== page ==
for a solution which is acceptable to all parties. But this requires
    some flexibility from everyone. I have yet to see any sign of any
    flexibility from Michael, rather comments like "We have won, you have
    lost" (OK, not a direct quote), plus ad hominem remarks like
    "*embarrassingly* ignorant" (that is a quote). These are not helpful to

    >I view this as an intellectual and engineering challenge that cries for a
    >good solution. I am not "looking for a compromise"; I am aiming for
    >realistic excellence, for a wise decision that is the best for all
    >concerned, and hoping that such a decision is made - whatever it is.
    >Right now, given what I know, I think unification is the lesser of two
    >"evils". But, as I said when I emailed Ken recently and suggested that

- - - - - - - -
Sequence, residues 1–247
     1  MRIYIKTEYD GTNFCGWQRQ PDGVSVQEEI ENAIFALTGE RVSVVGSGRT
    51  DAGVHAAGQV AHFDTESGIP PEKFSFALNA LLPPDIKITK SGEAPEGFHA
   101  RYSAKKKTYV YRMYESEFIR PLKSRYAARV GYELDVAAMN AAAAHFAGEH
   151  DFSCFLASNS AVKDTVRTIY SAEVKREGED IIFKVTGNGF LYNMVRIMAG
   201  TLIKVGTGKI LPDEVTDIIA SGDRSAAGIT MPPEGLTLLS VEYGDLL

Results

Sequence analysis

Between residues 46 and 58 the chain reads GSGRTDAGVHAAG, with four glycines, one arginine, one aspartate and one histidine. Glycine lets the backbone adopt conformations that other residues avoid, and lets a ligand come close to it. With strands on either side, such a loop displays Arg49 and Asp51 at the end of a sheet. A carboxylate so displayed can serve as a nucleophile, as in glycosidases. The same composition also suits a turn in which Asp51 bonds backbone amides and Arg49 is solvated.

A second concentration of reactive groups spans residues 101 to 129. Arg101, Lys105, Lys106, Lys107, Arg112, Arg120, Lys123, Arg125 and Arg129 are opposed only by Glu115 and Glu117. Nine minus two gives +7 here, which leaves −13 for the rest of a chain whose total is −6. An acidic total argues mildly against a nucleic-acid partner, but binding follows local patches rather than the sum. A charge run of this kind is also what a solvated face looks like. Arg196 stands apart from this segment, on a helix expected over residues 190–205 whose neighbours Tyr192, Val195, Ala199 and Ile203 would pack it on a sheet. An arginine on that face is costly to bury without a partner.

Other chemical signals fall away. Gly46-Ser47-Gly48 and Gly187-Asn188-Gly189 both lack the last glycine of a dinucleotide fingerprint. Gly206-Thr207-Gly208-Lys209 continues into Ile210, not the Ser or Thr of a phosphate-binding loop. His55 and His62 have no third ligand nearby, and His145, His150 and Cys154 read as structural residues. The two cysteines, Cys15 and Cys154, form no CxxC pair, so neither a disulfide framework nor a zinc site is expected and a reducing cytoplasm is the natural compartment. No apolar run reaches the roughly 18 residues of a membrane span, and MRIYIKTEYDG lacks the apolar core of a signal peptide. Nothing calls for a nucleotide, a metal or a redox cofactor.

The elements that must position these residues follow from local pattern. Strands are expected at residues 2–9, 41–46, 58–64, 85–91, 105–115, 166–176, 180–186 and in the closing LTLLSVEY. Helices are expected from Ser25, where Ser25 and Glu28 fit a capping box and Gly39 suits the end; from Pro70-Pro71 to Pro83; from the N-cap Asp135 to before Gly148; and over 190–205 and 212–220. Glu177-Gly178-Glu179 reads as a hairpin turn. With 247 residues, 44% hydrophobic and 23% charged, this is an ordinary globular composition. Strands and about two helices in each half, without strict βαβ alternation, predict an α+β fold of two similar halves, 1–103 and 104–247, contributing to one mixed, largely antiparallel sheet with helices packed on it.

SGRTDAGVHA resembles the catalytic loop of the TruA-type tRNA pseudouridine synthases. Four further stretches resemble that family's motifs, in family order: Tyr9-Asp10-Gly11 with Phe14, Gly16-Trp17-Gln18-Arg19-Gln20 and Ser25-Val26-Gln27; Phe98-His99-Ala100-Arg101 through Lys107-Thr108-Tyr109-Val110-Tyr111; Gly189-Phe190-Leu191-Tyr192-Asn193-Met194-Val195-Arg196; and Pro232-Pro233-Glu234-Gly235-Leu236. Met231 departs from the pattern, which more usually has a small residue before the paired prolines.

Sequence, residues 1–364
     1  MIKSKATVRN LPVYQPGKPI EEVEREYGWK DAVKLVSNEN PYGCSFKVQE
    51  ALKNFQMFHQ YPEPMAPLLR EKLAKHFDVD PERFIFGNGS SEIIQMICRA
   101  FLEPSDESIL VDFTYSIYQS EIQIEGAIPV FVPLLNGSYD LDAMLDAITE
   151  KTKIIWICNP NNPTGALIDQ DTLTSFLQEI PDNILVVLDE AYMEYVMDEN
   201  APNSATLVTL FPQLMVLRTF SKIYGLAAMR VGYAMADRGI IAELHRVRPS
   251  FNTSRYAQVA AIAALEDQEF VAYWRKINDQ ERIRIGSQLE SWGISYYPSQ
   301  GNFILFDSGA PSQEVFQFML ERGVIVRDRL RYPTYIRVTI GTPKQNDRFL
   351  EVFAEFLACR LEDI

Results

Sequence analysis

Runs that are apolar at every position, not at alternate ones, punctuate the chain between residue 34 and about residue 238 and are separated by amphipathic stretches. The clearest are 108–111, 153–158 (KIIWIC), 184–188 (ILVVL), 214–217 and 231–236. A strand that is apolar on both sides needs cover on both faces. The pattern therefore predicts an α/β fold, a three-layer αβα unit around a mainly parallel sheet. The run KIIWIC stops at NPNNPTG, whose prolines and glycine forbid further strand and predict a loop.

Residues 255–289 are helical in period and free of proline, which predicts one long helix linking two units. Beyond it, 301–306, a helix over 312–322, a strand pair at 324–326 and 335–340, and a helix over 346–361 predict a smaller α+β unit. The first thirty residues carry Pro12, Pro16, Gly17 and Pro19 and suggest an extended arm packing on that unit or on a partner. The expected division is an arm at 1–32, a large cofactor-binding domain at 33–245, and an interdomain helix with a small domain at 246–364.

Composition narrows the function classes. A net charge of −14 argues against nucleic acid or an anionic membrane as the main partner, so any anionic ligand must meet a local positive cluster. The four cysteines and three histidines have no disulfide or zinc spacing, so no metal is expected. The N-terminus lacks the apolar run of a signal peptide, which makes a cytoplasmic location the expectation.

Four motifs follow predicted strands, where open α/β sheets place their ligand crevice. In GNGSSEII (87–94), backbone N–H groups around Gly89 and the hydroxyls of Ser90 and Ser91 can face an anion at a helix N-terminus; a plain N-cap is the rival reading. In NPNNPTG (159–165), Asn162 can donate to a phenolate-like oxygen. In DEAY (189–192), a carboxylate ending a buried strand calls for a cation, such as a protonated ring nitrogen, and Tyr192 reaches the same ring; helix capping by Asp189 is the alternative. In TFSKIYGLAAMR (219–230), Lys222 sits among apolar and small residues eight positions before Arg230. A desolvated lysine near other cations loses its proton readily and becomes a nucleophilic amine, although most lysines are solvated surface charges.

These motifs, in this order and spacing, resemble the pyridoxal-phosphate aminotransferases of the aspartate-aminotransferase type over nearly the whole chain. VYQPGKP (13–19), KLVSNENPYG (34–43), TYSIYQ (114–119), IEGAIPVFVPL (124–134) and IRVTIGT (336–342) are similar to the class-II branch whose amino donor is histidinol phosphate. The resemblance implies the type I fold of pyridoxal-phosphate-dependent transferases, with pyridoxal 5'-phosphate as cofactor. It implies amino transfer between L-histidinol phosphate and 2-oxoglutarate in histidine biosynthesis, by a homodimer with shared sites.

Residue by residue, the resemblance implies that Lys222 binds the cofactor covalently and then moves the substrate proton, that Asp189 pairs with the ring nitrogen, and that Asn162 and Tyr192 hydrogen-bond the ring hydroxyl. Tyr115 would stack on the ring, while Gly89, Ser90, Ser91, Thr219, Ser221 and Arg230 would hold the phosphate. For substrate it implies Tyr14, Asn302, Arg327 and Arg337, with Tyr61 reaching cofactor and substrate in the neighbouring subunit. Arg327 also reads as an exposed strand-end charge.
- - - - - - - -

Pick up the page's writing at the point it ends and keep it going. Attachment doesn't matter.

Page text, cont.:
>everybody should lighten up, "It's not the end of the world if Phoenician
    >is not encoded; it's not the end of the world if it is."

    Sorry if I misunderstood your position here. I am also looking for
    excellence, but I am also looking an excellent way which comes between
    the polar opposites which have been so controversial, and have
    encouraged the decisive battle rhetoric. I had hoped that you were also
    looking for such a middle way. I am sorry that you are not, and also
    sorry that I misrepresented you.

    The problem I find with this whole debate is that everyone apart from
    myself tries to characterise it as either black or white. Many people
    have argued for white without a trace of grey. You seem to argue for
    either black or white but nothing in between. May I make it clear to
    everyone that I have been arguing consistently for some suitable shade
    of grey, some suitable mediating position between black and white.

    >Though I agree with what Peter says sometimes, oftentimes I don't; I
    >suspect he feels the same about me. ...


    >... But I have no idea what prompted
    >these remarks of his here, and would like to disassociate myself from them.
    I return to the position of being the ONLY person in this debate who is